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How Millions of Christians Are Unequally Yoked with Unbelievers

How Millions of Christians Are Unequally Yoked with Unbelievers
By Jonathan Lewis

In 2 Corinthians 6:14, Paul gives an important instruction to us as God’s people: “Do not be unequally yoked with unbelievers.” (ESV)

Why is this important? Paul answers that question as the verse continues: “For what partnership has righteousness with lawlessness? Or what fellowship has light with darkness?”

In other words, the reason we shouldn’t be unequally yoked is that we don’t have anything in common—from a faith and worldview perspective—with unbelievers.

Paul continues that line of reasoning in verses 15 and 16:

“What accord has Christ with Belial? Or what portion does a believer share with an unbeliever? What agreement has the temple of God with idols? For we are the temple of the living God; as God said, “I will make my dwelling among them and walk among them, and I will be their God, and they shall be my people.”

Is this a prohibition against having any dealings at all with unbelievers? I don’t believe so. Instead, I believe it’s referring primarily to areas of life where our beliefs, values, and convictions will come into conflict with the beliefs, values, and convictions of unbelievers.

In other words, working alongside unbelievers (i.e., being yoked together with them) to accomplish something inherently tied up with our Christian beliefs and worldview is going to be not only unfruitful but also unwise and contrary to God’s calling on our lives. (As Paul continues in verse 17, “Therefore go out from their midst, and be separate from them, says the Lord, and touch no unclean thing; then I will welcome you….”)

Let’s consider a couple of examples to gain some clarity.

Participating in a neighborhood clean-up day at a local park wouldn’t be a violation of this command. The relationship is temporary and informal, and the task at hand isn’t dependent on your faith, worldview, values, or convictions. Yes, you might be motivated to participate because of your faith and your desire to be active in your community, but the tasks involved in cleaning up the park will be performed the same regardless of your faith and worldview. In other words, there’s no fundamental conflict with unbelievers.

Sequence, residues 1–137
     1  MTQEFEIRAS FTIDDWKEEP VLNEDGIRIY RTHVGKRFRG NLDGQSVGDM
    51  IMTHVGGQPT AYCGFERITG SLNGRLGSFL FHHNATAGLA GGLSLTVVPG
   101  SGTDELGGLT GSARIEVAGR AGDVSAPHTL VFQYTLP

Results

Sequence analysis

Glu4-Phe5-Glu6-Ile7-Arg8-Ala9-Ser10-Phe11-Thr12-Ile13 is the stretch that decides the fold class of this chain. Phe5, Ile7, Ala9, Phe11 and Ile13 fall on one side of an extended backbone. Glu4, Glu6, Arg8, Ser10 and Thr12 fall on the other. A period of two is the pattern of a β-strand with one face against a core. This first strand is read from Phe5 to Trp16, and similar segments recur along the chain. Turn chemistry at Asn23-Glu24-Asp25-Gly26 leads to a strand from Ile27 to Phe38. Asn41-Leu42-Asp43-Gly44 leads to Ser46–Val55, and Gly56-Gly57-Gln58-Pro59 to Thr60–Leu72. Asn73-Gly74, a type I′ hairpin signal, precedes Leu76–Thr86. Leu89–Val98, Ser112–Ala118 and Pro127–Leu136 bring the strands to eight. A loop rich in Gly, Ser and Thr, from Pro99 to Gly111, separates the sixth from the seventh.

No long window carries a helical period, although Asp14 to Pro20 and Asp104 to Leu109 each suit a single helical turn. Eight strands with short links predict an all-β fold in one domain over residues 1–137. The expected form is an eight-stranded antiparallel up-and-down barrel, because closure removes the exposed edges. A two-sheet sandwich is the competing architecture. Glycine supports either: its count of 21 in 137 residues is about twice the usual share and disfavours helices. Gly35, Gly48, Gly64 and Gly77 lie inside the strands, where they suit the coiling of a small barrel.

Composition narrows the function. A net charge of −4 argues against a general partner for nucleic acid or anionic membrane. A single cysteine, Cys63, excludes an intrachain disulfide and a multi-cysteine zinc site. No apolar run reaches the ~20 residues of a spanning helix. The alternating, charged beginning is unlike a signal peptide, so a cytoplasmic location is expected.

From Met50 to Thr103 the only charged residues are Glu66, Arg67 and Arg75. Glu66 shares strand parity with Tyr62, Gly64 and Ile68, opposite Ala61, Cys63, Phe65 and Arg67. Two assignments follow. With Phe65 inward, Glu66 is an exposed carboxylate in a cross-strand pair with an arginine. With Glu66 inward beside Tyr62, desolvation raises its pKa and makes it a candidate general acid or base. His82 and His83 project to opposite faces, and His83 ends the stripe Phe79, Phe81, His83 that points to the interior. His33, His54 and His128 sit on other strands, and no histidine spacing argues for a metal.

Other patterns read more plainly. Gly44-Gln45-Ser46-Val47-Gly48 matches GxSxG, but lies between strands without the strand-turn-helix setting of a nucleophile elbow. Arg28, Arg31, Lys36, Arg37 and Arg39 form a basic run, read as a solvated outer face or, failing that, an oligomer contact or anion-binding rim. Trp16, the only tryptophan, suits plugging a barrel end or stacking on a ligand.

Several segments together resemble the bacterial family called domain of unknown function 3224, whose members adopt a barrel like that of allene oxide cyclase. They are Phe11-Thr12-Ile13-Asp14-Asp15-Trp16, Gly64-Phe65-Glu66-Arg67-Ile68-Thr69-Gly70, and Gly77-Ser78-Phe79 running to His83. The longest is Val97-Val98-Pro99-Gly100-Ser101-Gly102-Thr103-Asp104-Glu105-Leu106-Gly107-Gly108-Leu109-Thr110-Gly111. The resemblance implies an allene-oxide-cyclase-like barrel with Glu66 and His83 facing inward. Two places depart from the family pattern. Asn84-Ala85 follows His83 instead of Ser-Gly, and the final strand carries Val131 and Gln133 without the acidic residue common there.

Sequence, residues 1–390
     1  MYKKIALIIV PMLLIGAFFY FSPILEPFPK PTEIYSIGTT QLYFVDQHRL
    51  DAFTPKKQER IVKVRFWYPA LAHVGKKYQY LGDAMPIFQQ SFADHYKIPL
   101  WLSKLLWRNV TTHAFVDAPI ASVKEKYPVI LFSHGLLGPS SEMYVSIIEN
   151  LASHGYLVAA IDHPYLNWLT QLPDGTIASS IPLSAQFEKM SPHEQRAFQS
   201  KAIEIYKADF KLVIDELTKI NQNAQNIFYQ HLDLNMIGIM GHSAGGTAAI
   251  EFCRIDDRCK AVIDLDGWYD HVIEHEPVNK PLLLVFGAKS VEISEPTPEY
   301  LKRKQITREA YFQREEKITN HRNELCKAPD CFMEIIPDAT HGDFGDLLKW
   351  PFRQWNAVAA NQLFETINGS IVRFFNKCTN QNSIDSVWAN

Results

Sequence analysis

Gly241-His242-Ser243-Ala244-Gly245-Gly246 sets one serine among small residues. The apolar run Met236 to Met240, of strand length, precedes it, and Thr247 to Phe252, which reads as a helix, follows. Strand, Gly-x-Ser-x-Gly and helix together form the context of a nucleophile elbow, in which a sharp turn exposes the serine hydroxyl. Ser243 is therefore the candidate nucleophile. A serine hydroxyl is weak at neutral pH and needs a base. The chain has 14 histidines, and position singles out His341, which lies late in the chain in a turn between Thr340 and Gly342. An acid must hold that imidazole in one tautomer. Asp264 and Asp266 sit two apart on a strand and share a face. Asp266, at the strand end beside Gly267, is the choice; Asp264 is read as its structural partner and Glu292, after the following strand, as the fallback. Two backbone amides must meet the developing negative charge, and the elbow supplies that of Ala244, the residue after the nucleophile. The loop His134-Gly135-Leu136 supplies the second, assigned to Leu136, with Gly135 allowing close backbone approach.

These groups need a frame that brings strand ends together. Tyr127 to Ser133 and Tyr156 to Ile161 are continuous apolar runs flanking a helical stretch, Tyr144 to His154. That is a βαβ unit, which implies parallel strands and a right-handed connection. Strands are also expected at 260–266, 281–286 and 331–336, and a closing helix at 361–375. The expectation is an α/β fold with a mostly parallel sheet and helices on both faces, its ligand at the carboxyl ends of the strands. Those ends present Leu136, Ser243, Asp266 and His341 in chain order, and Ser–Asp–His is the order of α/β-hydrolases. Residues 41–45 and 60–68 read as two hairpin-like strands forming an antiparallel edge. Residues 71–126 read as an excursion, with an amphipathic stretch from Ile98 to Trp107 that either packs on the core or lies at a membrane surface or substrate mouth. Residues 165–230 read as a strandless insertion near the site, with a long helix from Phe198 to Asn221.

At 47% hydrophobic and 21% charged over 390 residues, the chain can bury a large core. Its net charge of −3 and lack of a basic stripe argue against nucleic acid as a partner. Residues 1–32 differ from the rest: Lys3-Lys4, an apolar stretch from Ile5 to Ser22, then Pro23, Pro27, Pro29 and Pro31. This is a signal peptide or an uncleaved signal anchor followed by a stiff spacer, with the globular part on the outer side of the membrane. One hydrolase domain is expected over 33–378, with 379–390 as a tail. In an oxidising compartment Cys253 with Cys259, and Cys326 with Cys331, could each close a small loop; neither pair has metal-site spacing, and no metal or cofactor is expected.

On the other hand, teaming up with members of non-Christian religions to host a community day of prayer would be a different matter. In this case, the objective is inherently spiritual and the differences between the various perspectives would be entirely relevant to the planned activity. This would be a case of trying to achieve something spiritual alongside people who hold completely different beliefs about God, His revelation to man, and our relationship with Him. This would be an instance of being unequally yoked together with unbelievers.

In the first example, our Christian worldview may be what gives us the reason and motivation to seek the good of our community, but the tasks involved will be performed the same regardless of the religious beliefs of the person carrying them out. In the second case, the religious considerations are front and center and can’t possibly be separated from the planned activity.

With those examples in mind, let’s consider a common scenario Christians face today, and ask ourselves whether or not it’s a case where this command would apply: Does it violate Paul’s admonition against being unequally yoked together with unbelievers to entrust our children’s education to a secular institution?